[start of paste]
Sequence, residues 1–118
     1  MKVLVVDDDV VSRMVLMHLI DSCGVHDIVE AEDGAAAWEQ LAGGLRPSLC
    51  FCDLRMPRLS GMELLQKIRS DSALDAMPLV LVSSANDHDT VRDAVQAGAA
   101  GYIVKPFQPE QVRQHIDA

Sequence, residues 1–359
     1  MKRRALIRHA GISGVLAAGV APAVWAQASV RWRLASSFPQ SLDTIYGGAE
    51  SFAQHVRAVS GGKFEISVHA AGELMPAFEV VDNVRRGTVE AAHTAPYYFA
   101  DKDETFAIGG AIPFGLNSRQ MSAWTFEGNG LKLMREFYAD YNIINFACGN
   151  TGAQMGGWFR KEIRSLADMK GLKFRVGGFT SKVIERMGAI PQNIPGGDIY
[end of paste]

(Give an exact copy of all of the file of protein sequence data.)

Sequence, residues 1–118
     1  MKVLVVDDDV VSRMVLMHLI DSCGVHDIVE AEDGAAAWEQ LAGGLRPSLC
    51  FCDLRMPRLS GMELLQKIRS DSALDAMPLV LVSSANDHDT VRDAVQAGAA
   101  GYIVKPFQPE QVRQHIDA

Sequence, residues 1–359
     1  MKRRALIRHA GISGVLAAGV APAVWAQASV RWRLASSFPQ SLDTIYGGAE
    51  SFAQHVRAVS GGKFEISVHA AGELMPAFEV VDNVRRGTVE AAHTAPYYFA
   101  DKDETFAIGG AIPFGLNSRQ MSAWTFEGNG LKLMREFYAD YNIINFACGN
   151  TGAQMGGWFR KEIRSLADMK GLKFRVGGFT SKVIERMGAI PQNIPGGDIY